Within all of us there is some part that always wants others to be happy, as well as ourselves. In most cases, people communicate, interact, and bond closer with people when both parties are happy. However, in some instances, it is better to not make a deal at all instead of one of the parties losing. Covey says that “it is not your way or my way; it’s a better way, a higher way.
(207). Once again, this will come back in further habits; don’t be so quick to judge that your way is the only way. Be open-minded and accepting. Also, when having a win/win attitude going into something, make sure and stick to it or you’ll end up leaving with a lose/win situation. Communicate, discuss, give, and take, etc. until both parties get what they want.
These tie back into Habit 1 to be in control of your actions instead of the environment or others. There are some situations that cannot be predicted such as emergencies or out-of-the-blue circumstances.Then, there are other logical options that are not win/win.
Covey uses an example in the book that says if someone’s child and others were in danger, although it would be important to save the lives of others, the child, of course, would be the more important choice to that individual (211). Stephen Covey presents this habit as the most important principle of interpersonal relations. Listening to the other person and their opinions on certain subjects requires the changing of positions from your own shoes into the others.Letting the information flow through one ear and out the other is a negative trait and does not help build upon objectives. Most everyone is too quick to judge things and do not take the time to listen and try and fully understand the problem at hand.
Instead we quickly give advice, believing that our way is the best way; that our life’s experiences are exactly like others who are going through a similar situation. Many of us listen to things with the intent to reply, not the intent to understand.We sometimes pretend to listen to the other person only waiting for them to finish so we can reply and relate their situation back to our lives and how our situation happened. In order for communication to be built upon both parties must use what is referred to as “emphatic listening”. This is seeking to fully understand the other person without the intent to reply and relate their situation to yours. Put yourself into others shoes in order to fully understand the situation before you try and explain your side. Synergy defined is that the whole is greater than the sum of its parts (262).
Covey uses an example in the book explaining that if two plants were planted close together, their roots would grow together, there by improving the soil, and make the plants grow bigger and stronger than they would if they were separate (263). Synergy can make or break a company. If a teacher gave a classroom an assignment and each individual had to work on it by themselves, the scores are less likely to be as high as if the students were able to work as a group. The students would communicate and build upon each other’s opinions, as a result, by having feedback to and from each individual; the scores would almost certainly be higher.This works the same way when dealing with circumstances at the work place.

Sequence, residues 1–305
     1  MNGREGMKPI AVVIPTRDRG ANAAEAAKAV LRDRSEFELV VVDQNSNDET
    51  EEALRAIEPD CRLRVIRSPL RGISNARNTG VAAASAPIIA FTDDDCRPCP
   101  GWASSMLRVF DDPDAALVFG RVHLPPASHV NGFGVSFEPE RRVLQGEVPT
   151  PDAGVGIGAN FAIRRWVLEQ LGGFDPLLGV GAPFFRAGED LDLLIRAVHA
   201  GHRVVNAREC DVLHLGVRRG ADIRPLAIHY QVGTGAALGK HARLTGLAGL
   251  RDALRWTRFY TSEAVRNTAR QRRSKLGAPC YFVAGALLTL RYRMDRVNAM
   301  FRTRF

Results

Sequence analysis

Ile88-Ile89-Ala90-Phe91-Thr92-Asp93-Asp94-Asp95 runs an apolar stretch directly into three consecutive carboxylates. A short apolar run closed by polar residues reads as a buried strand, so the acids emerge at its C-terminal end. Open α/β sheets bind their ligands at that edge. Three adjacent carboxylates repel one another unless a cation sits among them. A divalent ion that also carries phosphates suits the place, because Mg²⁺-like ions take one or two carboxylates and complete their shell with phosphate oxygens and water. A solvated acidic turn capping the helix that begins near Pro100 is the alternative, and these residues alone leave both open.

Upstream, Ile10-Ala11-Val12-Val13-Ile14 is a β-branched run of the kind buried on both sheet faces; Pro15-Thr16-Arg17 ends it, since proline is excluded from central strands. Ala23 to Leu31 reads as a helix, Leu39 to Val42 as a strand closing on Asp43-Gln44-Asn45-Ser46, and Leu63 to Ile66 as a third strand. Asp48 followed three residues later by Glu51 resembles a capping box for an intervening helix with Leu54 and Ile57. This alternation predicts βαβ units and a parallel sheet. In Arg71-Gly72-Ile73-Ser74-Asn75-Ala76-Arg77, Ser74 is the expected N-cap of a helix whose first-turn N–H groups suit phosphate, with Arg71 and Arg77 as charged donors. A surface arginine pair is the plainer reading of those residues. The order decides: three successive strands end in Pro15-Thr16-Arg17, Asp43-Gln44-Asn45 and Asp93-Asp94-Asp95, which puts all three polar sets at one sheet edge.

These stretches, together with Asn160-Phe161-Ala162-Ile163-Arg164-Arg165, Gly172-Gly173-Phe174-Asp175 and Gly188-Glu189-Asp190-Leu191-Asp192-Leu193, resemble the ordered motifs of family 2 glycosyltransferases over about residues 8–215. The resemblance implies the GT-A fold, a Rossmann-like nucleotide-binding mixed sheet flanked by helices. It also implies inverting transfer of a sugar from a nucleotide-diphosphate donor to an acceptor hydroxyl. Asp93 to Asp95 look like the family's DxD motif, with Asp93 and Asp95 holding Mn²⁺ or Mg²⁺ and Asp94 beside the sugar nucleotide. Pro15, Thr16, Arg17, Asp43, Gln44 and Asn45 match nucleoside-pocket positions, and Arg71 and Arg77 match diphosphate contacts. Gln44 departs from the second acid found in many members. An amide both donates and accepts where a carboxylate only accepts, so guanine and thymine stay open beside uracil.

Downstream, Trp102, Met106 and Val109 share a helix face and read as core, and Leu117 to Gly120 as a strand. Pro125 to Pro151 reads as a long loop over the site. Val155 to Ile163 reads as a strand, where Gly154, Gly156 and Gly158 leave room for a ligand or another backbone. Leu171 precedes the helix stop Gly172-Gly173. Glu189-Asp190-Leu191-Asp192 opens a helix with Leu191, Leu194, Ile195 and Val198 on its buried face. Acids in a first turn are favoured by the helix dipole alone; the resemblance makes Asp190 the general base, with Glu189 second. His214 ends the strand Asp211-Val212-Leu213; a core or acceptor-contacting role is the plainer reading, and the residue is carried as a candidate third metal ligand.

If everyone can brainstorm and accept or deny different ideas together, one, the employees are more likely to be happy with the end result and two, the company has a better chance of reaching their goal if everyone is pleased. Synergy is a melting pot for all the previous habits, in order to synergize there must be communication, positive/proactive ideas, goals wanting to be reached; all of these things are only a small portion of what synergy requires in order to function correctly.If you had a big pile of lumber, you could not build a house without the proper tools. You would need a hammer and nails and possibly glue. When it comes to us as individuals it is quite similar. Professional athletes don’t make those teams because they’re the only ones that want to be there, there are certain skills that they have met in order to be a part of the team.
This also applies to the work place. The CEO would not give you an assignment he knew you could not accomplish unless you had the right skills for the job.A brain surgeon does not have the skills to construct a skyscraper and vice versa. Sharpening the saw refers to the skills needed in order to get the job done. Covey uses an example explaining a man who had been sawing at a tree for hours and was exhausted; however, he had been unsuccessful in cutting down the tree (287). If he had taken the time away from cutting the tree to sharpen his saw, the job would have been much easier and quicker.
We as people need to appreciate the time we have to build upon our skills rather than trying to rush through things we might not know how to do or fully understand.These 7 habits, when used correctly, can tremendously change a person’s outlook, viewpoint, and attitude when it comes to having a successful relationship with other employees and dealing with everyday problems. They will make a better listener, speaker, leader, and friend. Although it will take time to fully embrace all 7 habits, when finally grasped, the changes that can be made in someone’s life will standout without a doubt.
Not only will the habits help create a better person in the workplace; they will also create stepping stones for others who follow.